Donald Trump loses multi-million dollar lawsuit after one of his golf clubs violated members' contracts

Players wishing to resign were locked out while still being billed up to $20,000 (£15,700) a year in fees

Lucy Pasha-Robinson@lucypasha
Thursday 02 February 2017 14:52
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Donald Trump practices his swing at the Trump International Golf Links course on the Menie Estate near Aberdeen, Scotland
Donald Trump practices his swing at the Trump International Golf Links course on the Menie Estate near Aberdeen, Scotland

A golf club owned by Donald Trump has been ordered to pay back $6 million (£4.7m) to members whose deposits were “confiscated” when they tried to resign.

Judge Kenneth Marra found that the Jupiter club in Florida had breached the membership contract and ruled in favor of 65 plaintiffs who filed the class-action lawsuit in 2013 - one of thousands of legal actions the new US President and his businesses have faced.

The company violated member contracts by retaining member fees and locking out members who tried to leave, Judge Kenneth Marra wrote in a 21-page decision.

He found the members were “entitled to refunds of their deposits within 30 days...which to date Defendant has failed to provide.”

Judge Marra added: “Because the defendant did not refund Class Members’ deposits by January 30, 2013, it committed a material breach of the Membership Agreement going to the essence of the contract, causing Plaintiffs and the Class Members damages measured by the amounts of their refundable deposits plus accruing interest."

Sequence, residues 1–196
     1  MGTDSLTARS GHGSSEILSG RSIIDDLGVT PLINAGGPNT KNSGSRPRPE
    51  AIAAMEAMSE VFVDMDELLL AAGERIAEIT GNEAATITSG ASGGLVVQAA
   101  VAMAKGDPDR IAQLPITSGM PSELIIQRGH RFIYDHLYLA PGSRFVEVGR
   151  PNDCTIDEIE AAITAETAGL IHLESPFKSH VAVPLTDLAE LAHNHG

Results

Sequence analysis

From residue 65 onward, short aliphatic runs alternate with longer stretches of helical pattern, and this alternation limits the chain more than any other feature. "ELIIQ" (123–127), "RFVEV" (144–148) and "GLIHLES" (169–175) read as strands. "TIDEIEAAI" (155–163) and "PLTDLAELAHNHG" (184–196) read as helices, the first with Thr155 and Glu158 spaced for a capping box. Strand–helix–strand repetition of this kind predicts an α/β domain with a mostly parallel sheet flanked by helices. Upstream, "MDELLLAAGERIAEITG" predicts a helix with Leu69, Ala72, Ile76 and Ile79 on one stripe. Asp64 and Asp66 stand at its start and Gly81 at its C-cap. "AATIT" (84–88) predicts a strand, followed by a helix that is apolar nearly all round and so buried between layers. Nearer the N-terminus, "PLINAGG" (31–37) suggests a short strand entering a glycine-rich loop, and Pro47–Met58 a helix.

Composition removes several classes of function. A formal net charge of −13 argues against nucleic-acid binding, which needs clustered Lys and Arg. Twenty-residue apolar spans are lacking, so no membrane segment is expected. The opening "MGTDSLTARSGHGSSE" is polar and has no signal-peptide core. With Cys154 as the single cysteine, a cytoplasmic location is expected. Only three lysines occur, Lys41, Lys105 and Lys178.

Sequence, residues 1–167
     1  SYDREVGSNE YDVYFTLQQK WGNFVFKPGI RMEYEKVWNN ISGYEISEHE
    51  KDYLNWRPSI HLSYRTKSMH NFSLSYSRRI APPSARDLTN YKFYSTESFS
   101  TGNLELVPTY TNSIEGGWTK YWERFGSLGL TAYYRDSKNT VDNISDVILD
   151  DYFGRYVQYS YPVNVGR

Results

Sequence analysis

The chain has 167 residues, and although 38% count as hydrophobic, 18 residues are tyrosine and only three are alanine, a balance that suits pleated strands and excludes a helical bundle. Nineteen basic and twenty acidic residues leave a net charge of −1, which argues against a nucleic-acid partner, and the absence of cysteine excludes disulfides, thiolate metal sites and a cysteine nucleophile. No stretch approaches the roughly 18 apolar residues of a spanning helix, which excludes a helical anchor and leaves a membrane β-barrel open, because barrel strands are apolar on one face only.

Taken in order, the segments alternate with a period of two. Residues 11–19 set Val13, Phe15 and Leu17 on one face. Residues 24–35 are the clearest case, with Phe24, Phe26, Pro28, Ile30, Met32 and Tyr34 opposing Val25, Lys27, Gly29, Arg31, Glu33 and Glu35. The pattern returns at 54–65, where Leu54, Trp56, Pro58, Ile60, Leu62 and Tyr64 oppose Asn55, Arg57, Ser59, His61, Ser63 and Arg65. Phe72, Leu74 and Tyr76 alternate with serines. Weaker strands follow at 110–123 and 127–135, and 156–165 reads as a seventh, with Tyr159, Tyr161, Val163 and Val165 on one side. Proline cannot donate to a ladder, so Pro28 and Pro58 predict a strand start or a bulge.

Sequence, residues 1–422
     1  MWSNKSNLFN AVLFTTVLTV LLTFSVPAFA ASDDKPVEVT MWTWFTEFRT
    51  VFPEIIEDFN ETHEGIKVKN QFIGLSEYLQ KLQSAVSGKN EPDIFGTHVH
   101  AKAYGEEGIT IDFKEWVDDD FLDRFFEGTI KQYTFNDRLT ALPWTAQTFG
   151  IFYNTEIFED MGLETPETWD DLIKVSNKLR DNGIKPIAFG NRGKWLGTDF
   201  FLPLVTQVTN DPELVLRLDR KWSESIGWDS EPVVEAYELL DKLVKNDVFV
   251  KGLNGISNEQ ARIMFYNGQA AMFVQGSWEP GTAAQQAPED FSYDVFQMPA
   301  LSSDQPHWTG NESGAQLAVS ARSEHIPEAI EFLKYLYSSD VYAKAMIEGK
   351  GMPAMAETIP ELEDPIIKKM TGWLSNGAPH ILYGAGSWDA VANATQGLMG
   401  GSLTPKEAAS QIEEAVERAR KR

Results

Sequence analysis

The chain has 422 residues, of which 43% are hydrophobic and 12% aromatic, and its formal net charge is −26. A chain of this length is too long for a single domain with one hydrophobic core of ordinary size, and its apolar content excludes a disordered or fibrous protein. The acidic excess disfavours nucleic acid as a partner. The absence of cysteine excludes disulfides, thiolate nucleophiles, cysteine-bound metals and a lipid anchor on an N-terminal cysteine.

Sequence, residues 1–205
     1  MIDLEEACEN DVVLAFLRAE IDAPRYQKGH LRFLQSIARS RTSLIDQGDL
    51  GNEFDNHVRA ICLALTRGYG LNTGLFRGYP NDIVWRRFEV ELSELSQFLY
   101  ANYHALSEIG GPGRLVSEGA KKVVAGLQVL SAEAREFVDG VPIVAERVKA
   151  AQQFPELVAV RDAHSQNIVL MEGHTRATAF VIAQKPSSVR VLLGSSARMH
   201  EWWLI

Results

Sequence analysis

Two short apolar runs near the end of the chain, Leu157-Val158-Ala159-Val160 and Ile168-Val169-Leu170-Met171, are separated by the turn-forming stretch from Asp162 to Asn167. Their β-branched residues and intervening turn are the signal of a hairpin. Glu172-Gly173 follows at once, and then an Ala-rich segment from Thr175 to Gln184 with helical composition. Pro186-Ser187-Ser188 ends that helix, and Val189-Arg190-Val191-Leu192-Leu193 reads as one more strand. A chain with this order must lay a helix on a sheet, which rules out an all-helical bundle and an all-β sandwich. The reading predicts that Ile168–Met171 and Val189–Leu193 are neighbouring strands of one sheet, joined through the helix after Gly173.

The plaintiffs were members of the club in Jupiter, Florida who were on a waiting list for resignations when Mr Trump bought the golf course from Ritz-Carlton.

Under the old rules, they were allowed to pay dues and continue to use the club until their resignation went through.

But Mr Trump instituted a new rule, barring those on the list from using the club.

"As the owner of the club, I do not want them to utilise the club nor do I want their dues," he wrote in a letter to members.

A few months later, he began charging them dues anyway.

Mr Trump was not named as a defendant in the case but he recorded a deposition in 2016 that was played at a bench trial in August.

His son, Eric, testified at the trial where he said that paying with no access to the club "would violate a fundamental rule of life," the judge noted.

After the case Brad Edwards, a lawyer for the ex-members, said he had "never been more confident after trying a case that this would be the result."

He added: "To me, it was just a matter of time before this verdict came but I'm glad we got it."

Trump Organisation lawyer Alan Garten said they were planning an appeal.

"The members who resigned were all members under Ritz-Carlton who resigned prior to Trump taking ownership," he said, adding that the new President had "purchased the club from Ritz and effectively saved it because it was in financial ruin.

"Notwithstanding the foregoing, we disagree with the judge's ruling and intend to appeal it."

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